There are incredible archives available to us within a few keystrokes. The following article from the October 22, 1939 edition of the New York Times might be useful to dispel the myth that interest in using atomic energy to replace coal came from a desire to domesticate the atomic bomb.
This is a transcript that is assumed to be public domain as a result of expiration of copyright protection. It was published in 1939, nearly 80 years ago. It predates the start of the Manhattan Project by about a year. Intriguingly, it was published just 11 days after Roosevelt received his first exposure to Einstein’s famous letter about progress in experimental work with uranium and progress towards a controlled chain reaction.
Science in the News
New York Times
October 22, 1939
Atomic Energy From Uranium
In March, 1934, Professor E. Fermi, once of Rome, now of Columbia, discovered that if uranium were bombarded with neutrons new radioactive elements arose. These were supposed to be elements of 93, 94, 95 and 96 in the atomic table. In other words, uranium, which occupied the last place (92) was not the heaviest possible element, as we had been taught. Since Fermi made his announcement, the tenth of a whole series of trans-uranium elements was produced last Summer by Mme. Irene Curie-Joliot. She decided that it was no new element at all, but lanthanium (sic), a rare earth.
Out of Mme. Joliot’s work came the discovery that the other nine trans-uranium elements, which were supposed to be new, are also normal elements. then came the startling announcement of uranium “fission” or division by neutron bombardment. Calculations showed that part of the bombarded uranium should vanish and give rise to enormous bursts of energy. Dr. R. Joliot, Mme. Irene’s husband, found that neutrons used in the initial bombardment were “thermal” neutrons. In other words, they possessed energies about equal to those of ordinary molecules.
Just when the uranium atom splits new fast neutrons are emitted. They have energies of at least 11,000,000 volts, so that uranium bombarded with slow neutrons emits fast ones.
Control of Chain Reaction
Naturally physicists have been wondering if at last the way of utilizing atomic energy is indicated. What would happen if the neutrons were liberated in a lump of uranium large enough to prevent their escape? Theoretical studies showed that one neutron will set off another. Can this chain reaction be controlled?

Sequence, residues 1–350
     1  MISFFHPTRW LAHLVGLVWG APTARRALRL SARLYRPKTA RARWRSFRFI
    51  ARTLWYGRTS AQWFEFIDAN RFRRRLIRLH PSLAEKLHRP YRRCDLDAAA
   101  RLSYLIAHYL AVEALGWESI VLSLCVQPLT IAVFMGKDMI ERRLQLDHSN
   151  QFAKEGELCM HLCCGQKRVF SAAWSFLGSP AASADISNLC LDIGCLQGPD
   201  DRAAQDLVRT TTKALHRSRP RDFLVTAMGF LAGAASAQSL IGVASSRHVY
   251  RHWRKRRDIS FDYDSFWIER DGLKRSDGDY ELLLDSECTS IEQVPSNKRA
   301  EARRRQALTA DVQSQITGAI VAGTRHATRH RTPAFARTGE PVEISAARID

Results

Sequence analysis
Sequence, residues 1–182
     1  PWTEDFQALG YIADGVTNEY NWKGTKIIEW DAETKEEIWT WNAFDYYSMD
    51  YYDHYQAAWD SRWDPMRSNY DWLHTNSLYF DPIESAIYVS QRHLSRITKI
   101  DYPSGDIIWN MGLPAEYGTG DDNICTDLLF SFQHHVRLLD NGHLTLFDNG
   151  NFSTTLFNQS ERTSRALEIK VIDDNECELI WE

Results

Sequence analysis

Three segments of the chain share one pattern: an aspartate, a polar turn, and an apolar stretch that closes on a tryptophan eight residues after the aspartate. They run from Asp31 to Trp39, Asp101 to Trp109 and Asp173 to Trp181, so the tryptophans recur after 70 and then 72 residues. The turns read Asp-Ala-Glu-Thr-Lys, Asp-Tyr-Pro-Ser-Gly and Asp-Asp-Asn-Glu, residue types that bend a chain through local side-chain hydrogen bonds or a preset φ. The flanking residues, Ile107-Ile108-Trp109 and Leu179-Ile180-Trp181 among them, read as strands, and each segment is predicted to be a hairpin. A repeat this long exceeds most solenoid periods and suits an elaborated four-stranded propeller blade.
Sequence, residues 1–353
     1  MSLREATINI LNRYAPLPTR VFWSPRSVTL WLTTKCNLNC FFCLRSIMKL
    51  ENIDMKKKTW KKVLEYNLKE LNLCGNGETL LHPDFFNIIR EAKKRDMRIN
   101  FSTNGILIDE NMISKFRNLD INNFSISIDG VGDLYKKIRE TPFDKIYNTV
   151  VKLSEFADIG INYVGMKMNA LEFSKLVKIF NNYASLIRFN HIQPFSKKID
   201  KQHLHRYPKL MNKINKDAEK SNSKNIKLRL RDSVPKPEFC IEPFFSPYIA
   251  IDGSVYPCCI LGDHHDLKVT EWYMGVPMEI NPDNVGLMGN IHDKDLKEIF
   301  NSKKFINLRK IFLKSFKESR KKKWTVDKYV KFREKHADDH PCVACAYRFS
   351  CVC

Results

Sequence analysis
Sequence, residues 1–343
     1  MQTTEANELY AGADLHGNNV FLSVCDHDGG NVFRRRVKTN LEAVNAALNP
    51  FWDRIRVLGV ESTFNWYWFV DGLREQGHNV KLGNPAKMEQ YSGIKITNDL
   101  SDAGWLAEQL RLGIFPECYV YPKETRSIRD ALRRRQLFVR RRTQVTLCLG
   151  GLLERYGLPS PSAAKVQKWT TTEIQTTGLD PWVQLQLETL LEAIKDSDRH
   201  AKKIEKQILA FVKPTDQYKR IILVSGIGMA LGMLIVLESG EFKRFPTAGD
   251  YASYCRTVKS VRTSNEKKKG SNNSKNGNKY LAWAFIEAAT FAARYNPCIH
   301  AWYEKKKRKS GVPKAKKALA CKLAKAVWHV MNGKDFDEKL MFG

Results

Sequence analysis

This question is examined by Douglas W. F. Mayer in the scientific monthly, Discovery (British) and by R. B. Roberts and J. B. H. Kuper in the Journal of Applied Physics (American). Mayer quotes Adler and von Hahn of the College de France to the effect that “the danger than a system containing uranium in high concentrations might explode, once the chain is started, is considerable.” The two have been trying to control the process by diluting the uranium with an absorbent such as cadmium, Mayer reports.
Roberts and Kuper agree that “a chain reaction cannot be ruled out definitively for either slow or fast neutrons,” but decide that “there is no evidence of any kind that such a reaction will really occur.” They throw more cold water over dreamers by showing that uranium has no very great economic advantage over coal even if it could be used. “Uranium oxide (96 per cent pure) sells for approximately $2 a pound, which is roughly equal to the price of a ton of coal at the mine. in terms of energy dollar–uranium is cheaper by a factor of 8.5”
Though this may look good to a financier, Roberts and Kuper point out that as the demand for uranium increases, so does the price. In the end, further refinement would be necessary and the limited supply of high-grade ore would soon be exhausted. “If uranium were to replace 500,000,000 tons of coal used annually in this country,” argue these skeptics, “the amount of uranium consumed would increase 15,000 per cent.”
The above piece from the October 1939 provides evidence that there was publicly available information about atomic energy technology development that was generating interest in finding ways to liberate atomic energy using fission. It provides testimony proving that at least some of the researchers were focused on determining if fission could replace part – or all – of coal combustion.
It also shows that there were status quo defenders who noted that the nascent phenomenon, just discovered at the end of 1938, was still a long way from being ready to replace coal, which was then a primary energy source.
Some talented researchers were diligently pursuing the technology. Science communicators like Waldemar Kaemffert were covering atomic energy developments and were informing their readers about the possibility that atomic fission could be a capable future competitor to coal.
There were no guarantees of success, but articles like this one should torpedo any claims that atomic energy development only happened because of the investments made during the Manhattan Project. In reality, the diversion of such an incredible quantity of human and material resources into the bomb development was far more likely to have constrained atomic energy technology development.
The Manhattan Project consumed the efforts of researchers who would have otherwise been pursuing what was the most exciting scientific field of the time. It moved all of the necessary and useful materials under total government control. It eventually gave the technology a bad name and scared people who should have been excited instead.
It’s time to finally move past the accident of a poorly timed birth to allow atomic energy to seek to fulfill its early promise.